formula weight, in chemistry, a quantity computed by multiplying the atomic weight (in atomic mass units) of each element in a formula by the number of atoms of that element present in the formula, and then adding all of these products together. For example, the formula weight of water (H2O) is two times the atomic weight of hydrogen plus one times the atomic weight of oxygen. Numerically, this is (2×1.00797)+(1×15.9994) = 2.01594+15.9994 = 18.01534. If the formula used in computing the formula weight is the molecular formula, the formula weight computed is the molecular weight. The percentage by weight of any atom or group of atoms in a compound can be computed by dividing the total weight of the atom (or group of atoms) in the formula by the formula weight and multiplying by 100. For example, the weight percentage of hydrogen in water is determined by taking two times the atomic weight of hydrogen, dividing it by the formula weight of water, and multiplying by 100. Numerically, this is 100×(2×1.00797)/18.01534 = 11.19% hydrogen in water by weight. Formula weights are especially useful in determining the relative weights of reagents and products in a chemical reaction. For example, it is known that two molecules of hydrogen gas, H2, react with one molecule of oxygen gas, O2, to form two molecules of water, H2O. This reaction may be represented by the chemical equation 2H2+O2→2H2O. The formula weight of hydrogen gas is 2.01594, that of oxygen gas 31.9998, and that of water 18.01534. Our chemical equation is numerically equivalent to 2×2.01594+31.9998 = 2×18.01534 or 4.03188+31.9998 = 36.03068 if the formula weight of each reactant is substituted for the formula of that reactant. From this equation we know, for example, that 4.03188 grams of hydrogen gas will react with 31.9998 grams of oxygen gas to yield 36.03068 grams of water. The relative proportions by weight of these reactants is the same in any reaction of hydrogen and oxygen to form water. These relative weights computed from the chemical equation are sometimes called equation weights.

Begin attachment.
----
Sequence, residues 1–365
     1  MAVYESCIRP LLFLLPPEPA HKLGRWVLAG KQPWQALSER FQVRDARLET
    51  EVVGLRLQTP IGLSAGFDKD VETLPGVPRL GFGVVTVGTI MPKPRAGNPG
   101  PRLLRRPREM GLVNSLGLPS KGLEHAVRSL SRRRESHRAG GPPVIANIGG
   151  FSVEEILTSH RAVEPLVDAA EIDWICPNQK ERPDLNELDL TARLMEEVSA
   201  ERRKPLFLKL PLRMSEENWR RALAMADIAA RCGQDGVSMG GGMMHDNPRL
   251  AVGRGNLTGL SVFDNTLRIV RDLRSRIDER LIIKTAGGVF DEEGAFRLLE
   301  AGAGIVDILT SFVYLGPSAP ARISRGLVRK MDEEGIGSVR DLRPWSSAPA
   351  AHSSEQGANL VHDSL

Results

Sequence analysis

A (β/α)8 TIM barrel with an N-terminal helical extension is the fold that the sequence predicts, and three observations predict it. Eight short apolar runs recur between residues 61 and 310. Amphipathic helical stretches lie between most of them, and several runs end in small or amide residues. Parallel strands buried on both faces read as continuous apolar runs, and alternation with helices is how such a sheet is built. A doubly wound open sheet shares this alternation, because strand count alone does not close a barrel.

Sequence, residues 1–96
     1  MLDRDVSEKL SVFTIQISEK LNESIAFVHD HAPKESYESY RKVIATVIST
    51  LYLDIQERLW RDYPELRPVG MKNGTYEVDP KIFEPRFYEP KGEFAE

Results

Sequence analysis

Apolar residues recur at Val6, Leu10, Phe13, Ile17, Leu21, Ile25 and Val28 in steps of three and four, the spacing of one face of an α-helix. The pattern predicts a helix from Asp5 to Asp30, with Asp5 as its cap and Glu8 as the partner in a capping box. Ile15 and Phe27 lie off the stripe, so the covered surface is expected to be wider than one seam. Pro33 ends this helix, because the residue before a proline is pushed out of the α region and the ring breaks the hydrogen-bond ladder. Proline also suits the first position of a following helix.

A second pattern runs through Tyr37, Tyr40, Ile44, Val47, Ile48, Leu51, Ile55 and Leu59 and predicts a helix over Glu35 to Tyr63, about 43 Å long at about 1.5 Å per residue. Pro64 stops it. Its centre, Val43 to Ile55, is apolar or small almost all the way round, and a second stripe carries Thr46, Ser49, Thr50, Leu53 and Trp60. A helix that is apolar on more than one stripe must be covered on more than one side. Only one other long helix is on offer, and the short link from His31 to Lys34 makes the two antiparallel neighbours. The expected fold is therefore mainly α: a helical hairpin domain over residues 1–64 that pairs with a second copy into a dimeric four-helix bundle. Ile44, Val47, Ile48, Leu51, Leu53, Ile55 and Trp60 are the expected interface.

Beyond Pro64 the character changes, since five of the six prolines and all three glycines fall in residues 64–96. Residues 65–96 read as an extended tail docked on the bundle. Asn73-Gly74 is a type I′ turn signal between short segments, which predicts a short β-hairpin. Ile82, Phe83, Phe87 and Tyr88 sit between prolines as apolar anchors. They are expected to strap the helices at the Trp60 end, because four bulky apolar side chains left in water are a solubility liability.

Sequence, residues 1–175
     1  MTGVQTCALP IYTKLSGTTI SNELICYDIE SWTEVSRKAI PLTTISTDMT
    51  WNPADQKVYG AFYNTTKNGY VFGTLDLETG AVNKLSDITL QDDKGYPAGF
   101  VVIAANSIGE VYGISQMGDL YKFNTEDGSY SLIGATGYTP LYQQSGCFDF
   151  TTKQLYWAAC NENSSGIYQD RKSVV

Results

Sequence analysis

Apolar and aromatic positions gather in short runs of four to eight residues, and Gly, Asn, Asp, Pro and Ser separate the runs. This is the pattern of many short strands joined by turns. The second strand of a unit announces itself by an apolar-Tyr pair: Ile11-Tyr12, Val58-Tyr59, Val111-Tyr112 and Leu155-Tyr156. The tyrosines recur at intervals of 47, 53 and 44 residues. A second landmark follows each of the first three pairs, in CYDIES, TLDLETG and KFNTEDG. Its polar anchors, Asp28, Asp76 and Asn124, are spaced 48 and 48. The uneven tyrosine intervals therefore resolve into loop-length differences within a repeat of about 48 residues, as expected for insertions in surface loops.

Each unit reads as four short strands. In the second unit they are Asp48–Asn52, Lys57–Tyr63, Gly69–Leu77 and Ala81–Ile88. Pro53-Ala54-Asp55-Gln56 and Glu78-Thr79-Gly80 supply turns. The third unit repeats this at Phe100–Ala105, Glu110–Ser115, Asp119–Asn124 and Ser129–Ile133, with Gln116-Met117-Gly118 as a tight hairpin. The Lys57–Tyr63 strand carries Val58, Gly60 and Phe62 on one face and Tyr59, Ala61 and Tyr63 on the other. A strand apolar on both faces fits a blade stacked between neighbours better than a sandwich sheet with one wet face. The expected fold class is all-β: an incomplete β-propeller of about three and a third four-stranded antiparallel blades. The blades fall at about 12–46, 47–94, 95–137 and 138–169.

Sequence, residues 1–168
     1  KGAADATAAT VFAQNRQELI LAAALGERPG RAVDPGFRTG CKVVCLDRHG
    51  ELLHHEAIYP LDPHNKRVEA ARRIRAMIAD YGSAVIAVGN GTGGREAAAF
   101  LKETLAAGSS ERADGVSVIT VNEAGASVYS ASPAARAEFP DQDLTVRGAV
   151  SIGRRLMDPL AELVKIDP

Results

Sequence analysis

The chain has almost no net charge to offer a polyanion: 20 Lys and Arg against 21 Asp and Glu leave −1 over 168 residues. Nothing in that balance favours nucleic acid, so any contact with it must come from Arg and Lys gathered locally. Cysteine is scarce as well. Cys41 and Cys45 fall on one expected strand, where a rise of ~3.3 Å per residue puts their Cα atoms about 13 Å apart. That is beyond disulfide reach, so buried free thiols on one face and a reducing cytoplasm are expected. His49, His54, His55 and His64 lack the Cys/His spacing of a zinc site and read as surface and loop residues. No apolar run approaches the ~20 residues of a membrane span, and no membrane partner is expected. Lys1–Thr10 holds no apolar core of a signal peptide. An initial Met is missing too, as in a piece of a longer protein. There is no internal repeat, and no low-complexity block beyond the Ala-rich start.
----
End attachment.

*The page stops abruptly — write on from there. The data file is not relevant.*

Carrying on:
The Columbia Electronic Encyclopedia, 6th ed. Copyright © 2012, Columbia University Press. All rights reserved.